Ventilation Fan Sources
I love your magazine and the tremendous information in each issue.
I live 100 miles from Richmond, Va., on the Chesapeake Bay. My company does a number of crawlspace renovations as well as new foundations. Can you recommend a supplier for the "continuous-duty low-sone fan" that you show in your article ("Sealing Crawlspaces in Flood Zones") on page 19 of the May/June 2006 issue? My HVAC sub has had no luck tracking one down.
Michael Harvey (via e-mail)
Editor's note: Several manufacturers offer quiet fans rated for continuous duty. Fantech (http://www.fantech.net) makes a number of inline duct fans that would work, including the 122-cfm FR Series fan, featuring a lightweight plastic housing. These can be mounted in exterior or wet locations, allowing for some creative placement that can ensure absolute quiet. Panasonic's Whisper Line models (http://www.panasonic.com) are also excellent options.
I read your article on sealing crawlspaces in flood zones (Soundings, May/June 2006) and found it to be very good, although you may want to consider adding another detail to the job:
Adding batt fiberglass insulation to the rim joist is one way to seal above the foundation. But fiberglass insulation is not an air barrier, and therefore does not effectively seal the crawlspace from heat loss and moisture infiltration. So before adding the batt insulation, I would recommend caulking or air-sealing the rim joist and sill plate with one-part foam. Then add 1-inch foil-faced rigid insulation over the batt, and seal around the rigid insulation. Although this may be time consuming, it will help prevent moisture infiltration and, better yet, prevent excessive heat loss from the conditioned area.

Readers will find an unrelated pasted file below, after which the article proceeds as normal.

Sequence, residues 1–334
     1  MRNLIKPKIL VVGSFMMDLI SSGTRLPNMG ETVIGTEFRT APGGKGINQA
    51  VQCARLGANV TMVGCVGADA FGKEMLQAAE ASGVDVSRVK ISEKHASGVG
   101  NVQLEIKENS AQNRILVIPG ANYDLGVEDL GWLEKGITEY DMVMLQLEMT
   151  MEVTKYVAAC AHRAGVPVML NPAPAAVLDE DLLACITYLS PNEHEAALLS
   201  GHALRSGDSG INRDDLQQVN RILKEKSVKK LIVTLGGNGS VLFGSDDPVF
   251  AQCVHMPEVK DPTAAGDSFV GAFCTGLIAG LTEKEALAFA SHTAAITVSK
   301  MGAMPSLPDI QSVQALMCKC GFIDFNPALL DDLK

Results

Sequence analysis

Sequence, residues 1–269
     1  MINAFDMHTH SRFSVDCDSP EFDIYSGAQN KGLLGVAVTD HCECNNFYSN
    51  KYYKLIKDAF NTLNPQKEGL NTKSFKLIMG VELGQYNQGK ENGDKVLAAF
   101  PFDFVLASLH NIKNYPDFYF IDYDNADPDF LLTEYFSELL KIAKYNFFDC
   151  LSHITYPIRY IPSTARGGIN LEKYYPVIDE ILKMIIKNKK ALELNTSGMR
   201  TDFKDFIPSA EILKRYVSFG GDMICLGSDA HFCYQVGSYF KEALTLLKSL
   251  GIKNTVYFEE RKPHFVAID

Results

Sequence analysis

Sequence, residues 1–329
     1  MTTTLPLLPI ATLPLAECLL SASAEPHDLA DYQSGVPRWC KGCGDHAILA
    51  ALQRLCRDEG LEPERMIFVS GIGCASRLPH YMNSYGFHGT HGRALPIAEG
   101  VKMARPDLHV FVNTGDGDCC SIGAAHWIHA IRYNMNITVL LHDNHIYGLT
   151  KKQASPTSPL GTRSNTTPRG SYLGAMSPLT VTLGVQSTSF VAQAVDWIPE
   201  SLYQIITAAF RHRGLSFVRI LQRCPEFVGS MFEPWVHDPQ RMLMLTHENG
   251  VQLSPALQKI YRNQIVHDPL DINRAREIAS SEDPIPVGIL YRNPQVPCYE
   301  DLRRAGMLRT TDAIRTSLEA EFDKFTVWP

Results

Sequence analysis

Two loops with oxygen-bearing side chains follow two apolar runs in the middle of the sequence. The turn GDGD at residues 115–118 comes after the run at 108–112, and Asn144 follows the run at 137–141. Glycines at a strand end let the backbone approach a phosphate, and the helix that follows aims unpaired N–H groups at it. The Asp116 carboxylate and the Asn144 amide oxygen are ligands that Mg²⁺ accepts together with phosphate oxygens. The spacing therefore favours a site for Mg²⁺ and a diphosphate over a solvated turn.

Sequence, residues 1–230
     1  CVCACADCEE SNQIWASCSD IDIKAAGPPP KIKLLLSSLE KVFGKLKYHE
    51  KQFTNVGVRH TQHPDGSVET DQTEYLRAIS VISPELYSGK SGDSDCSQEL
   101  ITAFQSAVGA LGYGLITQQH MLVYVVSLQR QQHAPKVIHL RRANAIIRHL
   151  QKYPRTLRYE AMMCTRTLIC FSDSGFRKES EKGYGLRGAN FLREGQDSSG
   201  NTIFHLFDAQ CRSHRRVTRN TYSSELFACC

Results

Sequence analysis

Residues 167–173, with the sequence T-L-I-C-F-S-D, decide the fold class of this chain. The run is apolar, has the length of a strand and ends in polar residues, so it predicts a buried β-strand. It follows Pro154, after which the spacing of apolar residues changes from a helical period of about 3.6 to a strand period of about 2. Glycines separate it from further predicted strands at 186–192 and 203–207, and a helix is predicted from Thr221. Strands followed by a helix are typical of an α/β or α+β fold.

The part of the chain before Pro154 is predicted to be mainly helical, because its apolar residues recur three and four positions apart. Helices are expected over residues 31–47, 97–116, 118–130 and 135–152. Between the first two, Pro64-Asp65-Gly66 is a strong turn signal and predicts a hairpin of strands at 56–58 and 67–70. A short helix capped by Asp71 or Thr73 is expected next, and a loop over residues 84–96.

Another method you might want to consider would be to seal the sill and band joist with two-part foam. Although this may be a little more expensive, it would be faster and less labor intensive.
Rich Manning Energy Master & Environmental Solutions (via e-mail)
Good article on mold remediation ("Genuine Mold," May/June 2006). However, I did detect one item that goes against current wisdom. Post-remediation testing should be conducted by a third party, not by the mold remediation company.
Barbara L. Lee (via e-mail)
In the article "Low Country Rx: Wet Floodproofing" (July/August 2006), we overlooked inclusion of structural sheathing over the steel studs in one of the cavity-wall assemblies (Figure 3, page 40). The corrected illustration and original caption are shown at right.
Shown here are two options for drainable and dryable cavity-wall assemblies suggested by building scientist Joseph Lstiburek. The wall designs share several key characteristics: (1) No water-sensitive materials are used; (2) exterior cavities are vented to the exterior; (3) interior cavities can be opened to allow passive air-drying in the event of a flood by removing strips of wall material at top and bottom to encourage convective airflow.